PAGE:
Global Digital Music Market Expected to Grow 15% Annually
According to the global analyst firm Ovum, the global digital music market is expected to grow at 15% annually, reaching nearly $22.5 billion by 2017. Subscription services are said to be in large part responsible for the growing revenues, predicted to show a compound annual growth rate (CAGR) of 46%, stemming from bundling partnerships with service providers.
Ovum also expects to see high digital music growth in most regions across the globe, with exceptions being North America and Europe, where mobile music is expected to actually decline by 5-7% (although this excludes unlicensed, non-music, and mobile subscriptions).
The decline in the growth rate of mobile music from previous forecasts is mainly due to the underperformance of ringback tones, the dominance of free ad-supported music, and data costs that are making over-the-air (OTA) mobile music less appealing to consumers," said Ovum's consumer telecoms analyst Mark Little.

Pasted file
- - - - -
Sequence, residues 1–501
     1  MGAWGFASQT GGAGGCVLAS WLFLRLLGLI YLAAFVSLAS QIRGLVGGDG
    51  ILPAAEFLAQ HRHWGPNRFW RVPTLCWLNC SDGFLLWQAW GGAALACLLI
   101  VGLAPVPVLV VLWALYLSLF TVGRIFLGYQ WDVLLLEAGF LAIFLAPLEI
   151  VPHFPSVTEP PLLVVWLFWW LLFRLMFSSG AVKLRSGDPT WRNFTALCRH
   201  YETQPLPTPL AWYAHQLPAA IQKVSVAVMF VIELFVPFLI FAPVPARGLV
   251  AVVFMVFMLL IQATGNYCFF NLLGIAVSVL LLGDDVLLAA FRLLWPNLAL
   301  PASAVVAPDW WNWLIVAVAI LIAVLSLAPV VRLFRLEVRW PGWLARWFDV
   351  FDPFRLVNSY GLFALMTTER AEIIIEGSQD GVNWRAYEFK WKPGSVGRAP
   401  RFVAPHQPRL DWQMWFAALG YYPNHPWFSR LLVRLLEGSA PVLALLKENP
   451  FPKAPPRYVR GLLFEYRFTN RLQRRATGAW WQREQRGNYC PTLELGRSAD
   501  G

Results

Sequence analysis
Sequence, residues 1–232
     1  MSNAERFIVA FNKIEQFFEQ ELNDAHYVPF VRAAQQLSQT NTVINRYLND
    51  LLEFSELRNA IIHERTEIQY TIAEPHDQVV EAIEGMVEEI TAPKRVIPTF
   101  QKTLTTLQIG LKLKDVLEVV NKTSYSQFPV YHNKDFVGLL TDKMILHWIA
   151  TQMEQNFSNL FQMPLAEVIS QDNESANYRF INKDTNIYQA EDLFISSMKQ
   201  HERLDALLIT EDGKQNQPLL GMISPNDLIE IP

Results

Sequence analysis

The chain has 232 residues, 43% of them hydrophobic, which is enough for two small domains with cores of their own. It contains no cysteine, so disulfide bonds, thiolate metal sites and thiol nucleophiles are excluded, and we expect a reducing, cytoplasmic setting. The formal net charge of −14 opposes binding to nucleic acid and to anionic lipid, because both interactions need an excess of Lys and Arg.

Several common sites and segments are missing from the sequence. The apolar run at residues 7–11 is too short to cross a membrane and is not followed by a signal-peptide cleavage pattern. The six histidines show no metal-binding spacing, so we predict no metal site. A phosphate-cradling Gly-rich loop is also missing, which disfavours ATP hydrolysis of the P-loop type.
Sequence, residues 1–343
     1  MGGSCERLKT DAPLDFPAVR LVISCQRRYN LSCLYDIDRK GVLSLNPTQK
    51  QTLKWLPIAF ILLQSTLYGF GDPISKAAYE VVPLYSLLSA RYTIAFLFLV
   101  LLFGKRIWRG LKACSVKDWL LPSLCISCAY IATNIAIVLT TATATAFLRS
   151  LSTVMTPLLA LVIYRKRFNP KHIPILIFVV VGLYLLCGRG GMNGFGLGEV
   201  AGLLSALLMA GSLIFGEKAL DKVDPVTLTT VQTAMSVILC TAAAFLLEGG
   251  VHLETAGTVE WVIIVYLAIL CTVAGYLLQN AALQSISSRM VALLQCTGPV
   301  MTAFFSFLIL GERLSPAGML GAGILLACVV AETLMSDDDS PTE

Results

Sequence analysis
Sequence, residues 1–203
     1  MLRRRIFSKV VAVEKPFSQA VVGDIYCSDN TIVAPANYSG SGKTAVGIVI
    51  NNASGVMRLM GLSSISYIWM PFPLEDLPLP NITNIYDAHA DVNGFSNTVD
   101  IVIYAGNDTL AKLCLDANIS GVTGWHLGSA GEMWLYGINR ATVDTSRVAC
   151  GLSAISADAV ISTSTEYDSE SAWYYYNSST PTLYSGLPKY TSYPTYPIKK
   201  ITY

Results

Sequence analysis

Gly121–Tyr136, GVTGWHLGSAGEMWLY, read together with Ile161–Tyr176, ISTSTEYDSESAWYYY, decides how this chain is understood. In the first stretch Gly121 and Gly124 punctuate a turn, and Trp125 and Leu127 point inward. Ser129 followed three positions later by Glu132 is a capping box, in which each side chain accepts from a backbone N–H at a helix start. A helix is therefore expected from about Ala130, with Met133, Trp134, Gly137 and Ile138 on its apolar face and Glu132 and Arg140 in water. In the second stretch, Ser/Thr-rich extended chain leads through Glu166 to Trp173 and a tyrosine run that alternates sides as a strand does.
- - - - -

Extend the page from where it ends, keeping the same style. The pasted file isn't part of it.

Mobile music's decline comes as no surprise really, especially in western countries where more people own smartphones and utilize subscription-based music services. However, Ovum reports that telecommunications companies are helping to drive subscription growth with more mobile music bundles - pointing to significant growth in South & Central America, which have each seen over a 50% compound annual growth rate.
In Asia Pacific, growth created by consumers migrating to subscription services such as Lismo Unlimited from KKBOX in Japan will result in a regional CAGR of 44%," added Ovum's Mark Little. With Spotify landing in the US, joining Rhapsody, Sony Music Unlimited, Rdio and MOG, such brands are helping reinvigorate on-demand subscriptions, and we estimate a 40% CAGR over the forecast period."
Ovum concludes that the main driver of digital music in the forecast period will be subscriptions, due to it being a format that can be easily bundled by service providers, as well as offered directly, resulting in increased penetration of subscriptions around the world".